The summer tends to be a slow time for television obsessives. The sixth season of Game of Thrones just wrapped up, and most fans probably finished all 13 hours of Orange is the New Black’s fourth season within a few days of it’s release last month. For those of us who love serialized drama, dark plots, and grizzly details, there’s a big hole that needs filling. Luckily, it looks like HBO’s eight-part miniseries, The Night Of, officially debuting on July 10, could meet all those needs and more.
The premium cable giant has had much success in recent years with crime series, whether of the ‘true’ variety (The Jinx fueled a nationwide discussion and at least partially helped land Robert Durst in jail) or of the Detective variety (True Detective Season 1, of course, was one of the network’s biggest non-Thrones hits of the decade; we’ll be nice and just pretend Season 2 didn’t happen). With The Night Of, HBO jumps right back into the crime/mystery game, and boy, it’s a doozy. So far, at least.
The stunning premiere, available to stream now on HBOGo and HBONow ahead of its official airdate, is a masterclass of suspense. Not to get too heavy into plot, the show follows a young man—played by Riz Ahmed, known best for his role alongside Jake Gyllenhaal in Nightcrawler, but starring in upcoming sure-to-be-hits Jason Bourne and Rogue One: A Star Wars Story— who after “borrowing” his father’s New York City taxi cab and unwittingly picking up a female companion (played with a soft and mysterious aura by Sofia Black-D’Elia), finds himself making wrong decision after wrong decision, eventually winding up in a bit of a sticky legal situation. Late in the 80-minute pilot, the story introduces Jack Stone, a lawyer played by the the ever charismatic John Turturro.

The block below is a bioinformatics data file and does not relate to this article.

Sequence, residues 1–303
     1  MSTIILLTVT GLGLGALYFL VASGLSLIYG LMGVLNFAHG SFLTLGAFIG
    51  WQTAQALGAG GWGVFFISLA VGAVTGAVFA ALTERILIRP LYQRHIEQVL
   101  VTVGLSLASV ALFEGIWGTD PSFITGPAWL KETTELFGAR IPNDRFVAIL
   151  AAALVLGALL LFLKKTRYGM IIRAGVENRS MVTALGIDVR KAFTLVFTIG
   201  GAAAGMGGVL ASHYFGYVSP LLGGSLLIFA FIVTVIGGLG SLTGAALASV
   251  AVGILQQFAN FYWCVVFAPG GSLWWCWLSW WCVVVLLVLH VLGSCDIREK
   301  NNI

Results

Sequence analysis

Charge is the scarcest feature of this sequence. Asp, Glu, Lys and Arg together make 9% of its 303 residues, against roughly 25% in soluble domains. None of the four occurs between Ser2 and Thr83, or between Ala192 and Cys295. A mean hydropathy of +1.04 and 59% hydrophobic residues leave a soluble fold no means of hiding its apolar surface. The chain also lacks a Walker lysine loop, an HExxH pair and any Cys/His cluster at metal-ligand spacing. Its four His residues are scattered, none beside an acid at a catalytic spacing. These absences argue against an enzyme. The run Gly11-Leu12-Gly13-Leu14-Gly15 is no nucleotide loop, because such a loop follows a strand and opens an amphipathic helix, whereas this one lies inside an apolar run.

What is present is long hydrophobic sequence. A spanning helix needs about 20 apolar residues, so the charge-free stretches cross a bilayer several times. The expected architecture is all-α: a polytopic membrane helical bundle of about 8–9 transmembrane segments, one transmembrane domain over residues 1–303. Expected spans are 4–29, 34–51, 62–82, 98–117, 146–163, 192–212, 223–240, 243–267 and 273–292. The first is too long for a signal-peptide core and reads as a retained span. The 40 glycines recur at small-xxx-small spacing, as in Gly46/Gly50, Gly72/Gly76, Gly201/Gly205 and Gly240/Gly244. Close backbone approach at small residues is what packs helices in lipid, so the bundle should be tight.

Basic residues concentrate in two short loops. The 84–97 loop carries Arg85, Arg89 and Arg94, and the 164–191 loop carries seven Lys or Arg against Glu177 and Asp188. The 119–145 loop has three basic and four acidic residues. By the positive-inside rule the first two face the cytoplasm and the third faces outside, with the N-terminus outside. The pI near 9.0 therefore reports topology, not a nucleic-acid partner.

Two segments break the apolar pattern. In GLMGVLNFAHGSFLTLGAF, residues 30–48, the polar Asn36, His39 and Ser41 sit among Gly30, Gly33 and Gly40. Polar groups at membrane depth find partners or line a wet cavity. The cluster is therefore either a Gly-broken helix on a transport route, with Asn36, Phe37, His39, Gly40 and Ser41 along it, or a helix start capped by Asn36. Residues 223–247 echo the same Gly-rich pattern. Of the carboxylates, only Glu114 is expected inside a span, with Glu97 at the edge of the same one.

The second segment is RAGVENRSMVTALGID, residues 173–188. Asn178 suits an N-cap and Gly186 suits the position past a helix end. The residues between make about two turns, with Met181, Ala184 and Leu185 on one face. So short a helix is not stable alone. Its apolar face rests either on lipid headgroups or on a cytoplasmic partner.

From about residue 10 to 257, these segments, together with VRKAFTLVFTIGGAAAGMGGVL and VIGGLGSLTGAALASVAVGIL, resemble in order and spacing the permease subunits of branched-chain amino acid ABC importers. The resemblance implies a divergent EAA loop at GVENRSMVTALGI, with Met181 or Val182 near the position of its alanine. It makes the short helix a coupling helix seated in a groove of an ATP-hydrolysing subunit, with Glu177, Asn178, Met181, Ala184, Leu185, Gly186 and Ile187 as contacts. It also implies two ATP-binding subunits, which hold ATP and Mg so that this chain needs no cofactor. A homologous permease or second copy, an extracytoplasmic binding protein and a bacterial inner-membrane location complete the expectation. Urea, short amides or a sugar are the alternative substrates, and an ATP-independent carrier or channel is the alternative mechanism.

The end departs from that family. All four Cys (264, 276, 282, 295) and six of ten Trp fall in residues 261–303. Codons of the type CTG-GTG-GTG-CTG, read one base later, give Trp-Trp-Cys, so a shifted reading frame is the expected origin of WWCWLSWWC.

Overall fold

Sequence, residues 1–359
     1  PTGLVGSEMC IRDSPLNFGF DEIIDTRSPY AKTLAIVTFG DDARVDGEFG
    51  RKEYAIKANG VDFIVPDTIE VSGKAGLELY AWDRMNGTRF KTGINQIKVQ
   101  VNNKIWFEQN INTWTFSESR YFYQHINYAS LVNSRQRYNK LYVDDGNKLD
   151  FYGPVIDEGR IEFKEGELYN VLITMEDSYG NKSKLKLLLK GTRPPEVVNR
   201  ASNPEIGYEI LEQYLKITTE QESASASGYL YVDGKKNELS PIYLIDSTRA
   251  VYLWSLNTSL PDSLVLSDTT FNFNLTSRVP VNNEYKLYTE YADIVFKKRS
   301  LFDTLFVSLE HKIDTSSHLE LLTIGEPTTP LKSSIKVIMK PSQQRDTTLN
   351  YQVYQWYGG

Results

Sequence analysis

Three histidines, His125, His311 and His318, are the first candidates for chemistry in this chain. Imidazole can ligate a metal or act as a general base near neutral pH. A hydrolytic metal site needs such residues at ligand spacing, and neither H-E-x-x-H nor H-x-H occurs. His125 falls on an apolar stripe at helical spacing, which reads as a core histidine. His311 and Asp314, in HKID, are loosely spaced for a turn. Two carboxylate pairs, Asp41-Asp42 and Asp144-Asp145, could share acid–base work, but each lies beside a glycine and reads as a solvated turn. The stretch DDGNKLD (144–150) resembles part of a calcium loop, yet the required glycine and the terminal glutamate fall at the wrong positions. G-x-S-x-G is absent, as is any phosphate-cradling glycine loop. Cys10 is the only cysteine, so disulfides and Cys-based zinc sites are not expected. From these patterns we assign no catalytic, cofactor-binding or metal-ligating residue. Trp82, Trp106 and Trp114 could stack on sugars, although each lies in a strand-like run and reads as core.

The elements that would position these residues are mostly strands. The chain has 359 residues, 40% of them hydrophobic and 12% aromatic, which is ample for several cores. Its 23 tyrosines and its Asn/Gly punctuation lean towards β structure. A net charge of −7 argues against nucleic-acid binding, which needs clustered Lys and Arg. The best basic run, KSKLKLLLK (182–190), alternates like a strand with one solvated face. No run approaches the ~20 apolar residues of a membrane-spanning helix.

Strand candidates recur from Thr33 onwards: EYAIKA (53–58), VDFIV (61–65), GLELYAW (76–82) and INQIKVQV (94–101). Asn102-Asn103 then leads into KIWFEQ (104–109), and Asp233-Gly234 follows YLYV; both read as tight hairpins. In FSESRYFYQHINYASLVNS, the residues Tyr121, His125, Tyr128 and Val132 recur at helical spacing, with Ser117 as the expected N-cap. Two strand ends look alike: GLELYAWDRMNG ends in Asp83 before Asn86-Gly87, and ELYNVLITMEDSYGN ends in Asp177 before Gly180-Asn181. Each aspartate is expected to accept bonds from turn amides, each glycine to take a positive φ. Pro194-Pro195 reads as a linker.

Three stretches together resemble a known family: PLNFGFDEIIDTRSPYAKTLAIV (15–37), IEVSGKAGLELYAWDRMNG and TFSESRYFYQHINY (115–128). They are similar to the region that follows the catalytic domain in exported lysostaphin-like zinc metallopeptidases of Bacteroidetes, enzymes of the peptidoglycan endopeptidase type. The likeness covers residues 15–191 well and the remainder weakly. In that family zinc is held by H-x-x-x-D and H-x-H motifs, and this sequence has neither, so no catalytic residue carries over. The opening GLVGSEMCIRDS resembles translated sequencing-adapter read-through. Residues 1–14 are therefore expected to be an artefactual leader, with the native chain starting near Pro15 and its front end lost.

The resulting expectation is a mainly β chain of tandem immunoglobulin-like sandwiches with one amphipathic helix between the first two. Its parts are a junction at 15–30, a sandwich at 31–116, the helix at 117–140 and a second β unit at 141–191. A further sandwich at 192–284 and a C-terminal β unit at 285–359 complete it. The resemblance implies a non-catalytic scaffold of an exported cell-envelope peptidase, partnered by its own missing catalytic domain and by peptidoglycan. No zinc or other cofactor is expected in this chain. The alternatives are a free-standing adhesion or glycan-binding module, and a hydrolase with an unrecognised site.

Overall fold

Turturro, who’s been playing weird and erratic characters on big and small screens for the last 30 years, takes command of a role here that has a long back story. The late James Gandolfini—credited here as an Executive Producer—was originally set to play the part when HBO picked up the series. That plan had to be scrapped after the three-time Emmy winner’s death in 2013. With the project in flux, the producers eventually landed Robert De Niro to step into Gandolfini’s shoes, but scheduling conflicts kept him from keeping his commitment. Turturro was the next man up.
The only episode that HBO’s made available thus far is the premiere, which is a kind gesture clearly intended to build buzz. And by all means, it should. The only downside of watching early is having to wait until July 17 for the second episode—the story is that addicting. It’s the kind of mystery that seems sure to inspire close analysis—not unlike the original True Detective did two years ago. Like the anthology series, The Night Of presents clues and hints, essentially daring those who loyally tune in each Sunday night to pick up the pieces and assemble the puzzle on his or her own. The week-to-week format—a contrast from all episodes being dumped at once, a la Netflix or Amazon—surely is a better fit for a show based on mystery and suspense.
Written by Richard Price, a television veteran (The Wire), Oscar-nominee (The Color of Money) and acclaimed novelist (last year’s The Whites), The Night Of certainly has the pedigree needed to trust that there’s more to come past its exceptional first chapter. So, television obsessives, mystery fans, and tension-seekers: there’s no need to fear. You may be leaving Thrones in the rearview mirror for the better part of the next year, but between the return of last year’s best new series, Mr. Robot, and now The Night Of, there will be plenty there to satisfy your every dark and depraved television need.